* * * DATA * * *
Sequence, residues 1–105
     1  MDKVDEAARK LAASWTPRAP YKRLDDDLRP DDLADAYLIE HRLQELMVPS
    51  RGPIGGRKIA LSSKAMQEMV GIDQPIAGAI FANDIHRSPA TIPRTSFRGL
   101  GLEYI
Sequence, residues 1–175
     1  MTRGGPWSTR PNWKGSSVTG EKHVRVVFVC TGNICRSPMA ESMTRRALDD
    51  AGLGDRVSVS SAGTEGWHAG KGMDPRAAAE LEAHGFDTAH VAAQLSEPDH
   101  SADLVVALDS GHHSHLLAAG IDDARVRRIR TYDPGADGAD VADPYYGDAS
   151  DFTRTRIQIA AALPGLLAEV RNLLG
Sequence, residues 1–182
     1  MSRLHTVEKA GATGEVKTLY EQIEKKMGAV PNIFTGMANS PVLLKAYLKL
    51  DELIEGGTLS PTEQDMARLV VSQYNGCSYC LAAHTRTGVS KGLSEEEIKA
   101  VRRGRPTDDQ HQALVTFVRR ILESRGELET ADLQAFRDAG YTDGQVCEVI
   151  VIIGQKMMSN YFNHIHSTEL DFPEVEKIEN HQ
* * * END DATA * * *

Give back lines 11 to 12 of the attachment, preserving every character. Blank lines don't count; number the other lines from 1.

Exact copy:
     1  MSRLHTVEKA GATGEVKTLY EQIEKKMGAV PNIFTGMANS PVLLKAYLKL
    51  DELIEGGTLS PTEQDMARLV VSQYNGCSYC LAAHTRTGVS KGLSEEEIKA